The HX came standard with a 720k 3-1/2" floppy drive, with additional space available for a second one. This particular HX I have in my collection has the PLUS memory and PLUS RS232 expansion boards as well as the external 5-1/4" floppy drive. It can boot from either it's internal MS-DOS 2.11 in ROM, the internal 3-1/2" floppy or from the external 5-1/4" drive. At the time of it's introduction, PCM Magazine, which catered to the Tandy 1000 series, asked the question of whether the 1000HX was the best 1000 series machine up to that time. Well, if it wasn't the best one, it was certainly one of the niftiest. Too bad they didn't use the 80286, such as in the 1000TX, and onboard VGA. Some companies did manage to cram a hard disk controller and small hard drive into the case of the 1000HX though, as well as such things as VGA cards and other upgrades. The HX uses an 8088 cpu running at 7.16mhz and shares the same enhanced PCjr graphics modes as most of the rest of the Tandy 1000 line.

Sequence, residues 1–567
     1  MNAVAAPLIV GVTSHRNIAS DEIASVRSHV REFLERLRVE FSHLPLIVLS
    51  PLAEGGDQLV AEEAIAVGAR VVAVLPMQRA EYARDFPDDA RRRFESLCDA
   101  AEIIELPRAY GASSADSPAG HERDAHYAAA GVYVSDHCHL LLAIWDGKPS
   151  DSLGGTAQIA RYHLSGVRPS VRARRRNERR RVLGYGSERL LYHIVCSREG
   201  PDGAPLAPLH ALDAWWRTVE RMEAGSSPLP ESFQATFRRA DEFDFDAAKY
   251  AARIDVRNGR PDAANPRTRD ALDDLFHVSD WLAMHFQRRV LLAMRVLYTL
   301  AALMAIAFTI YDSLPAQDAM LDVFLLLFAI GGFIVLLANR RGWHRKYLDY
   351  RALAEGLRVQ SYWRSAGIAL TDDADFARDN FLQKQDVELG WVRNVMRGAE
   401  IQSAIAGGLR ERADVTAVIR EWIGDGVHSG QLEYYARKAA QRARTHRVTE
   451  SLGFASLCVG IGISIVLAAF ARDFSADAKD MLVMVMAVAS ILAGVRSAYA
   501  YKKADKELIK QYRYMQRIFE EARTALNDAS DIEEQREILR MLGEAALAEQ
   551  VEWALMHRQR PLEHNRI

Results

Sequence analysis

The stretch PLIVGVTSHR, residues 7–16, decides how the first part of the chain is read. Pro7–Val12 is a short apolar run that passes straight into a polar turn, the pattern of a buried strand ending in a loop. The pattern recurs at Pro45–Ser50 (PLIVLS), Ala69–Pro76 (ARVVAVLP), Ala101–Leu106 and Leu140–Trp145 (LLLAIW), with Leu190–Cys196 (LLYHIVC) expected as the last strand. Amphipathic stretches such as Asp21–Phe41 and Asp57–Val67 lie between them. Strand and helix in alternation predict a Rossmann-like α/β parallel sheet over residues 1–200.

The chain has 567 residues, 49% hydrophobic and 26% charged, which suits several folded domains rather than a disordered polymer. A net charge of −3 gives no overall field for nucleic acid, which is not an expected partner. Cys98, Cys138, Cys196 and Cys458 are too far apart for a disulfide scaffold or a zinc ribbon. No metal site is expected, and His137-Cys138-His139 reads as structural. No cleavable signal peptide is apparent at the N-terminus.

As an aside, Tandy has often been critisized for the incompatibilities of it's machines with the rest of the PC-market. What should be remembered though is that upon it's introduction in September 1984, the 1000 series was meant to be compatible with the IBM PCjr, not the IBM PC. Tandy's XT-clone, the Tandy 1200, debuted in November 1984, while the incompatibe but superior Model 2000 was released in November 1983. In this light, since the PCjr was even more incompatible with the PC, the 1000 series had quite a lot going for it, and outlasted the PCjr by roughly 10 years. During the 1980's, the 1000 series had excellent name recognition. With the advent of the SL/TL seriesmachines, the 1000 series became more compatible, eventually gaining the 80386SX cpu at 25mhz and SVGA graphics with the introduction of the 1000RSX. Production stopped when Tandy sold their computer manufacturing facilities to AST Research in May 1993.